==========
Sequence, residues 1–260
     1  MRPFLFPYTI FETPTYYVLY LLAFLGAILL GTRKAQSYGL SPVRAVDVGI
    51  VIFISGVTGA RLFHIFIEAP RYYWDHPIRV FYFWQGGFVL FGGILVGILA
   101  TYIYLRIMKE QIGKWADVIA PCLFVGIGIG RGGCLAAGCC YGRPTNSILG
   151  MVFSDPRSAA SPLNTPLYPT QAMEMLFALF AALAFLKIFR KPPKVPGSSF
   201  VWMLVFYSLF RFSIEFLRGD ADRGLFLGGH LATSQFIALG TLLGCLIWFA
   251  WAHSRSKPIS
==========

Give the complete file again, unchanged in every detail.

Sequence, residues 1–260
     1  MRPFLFPYTI FETPTYYVLY LLAFLGAILL GTRKAQSYGL SPVRAVDVGI
    51  VIFISGVTGA RLFHIFIEAP RYYWDHPIRV FYFWQGGFVL FGGILVGILA
   101  TYIYLRIMKE QIGKWADVIA PCLFVGIGIG RGGCLAAGCC YGRPTNSILG
   151  MVFSDPRSAA SPLNTPLYPT QAMEMLFALF AALAFLKIFR KPPKVPGSSF
   201  VWMLVFYSLF RFSIEFLRGD ADRGLFLGGH LATSQFIALG TLLGCLIWFA
   251  WAHSRSKPIS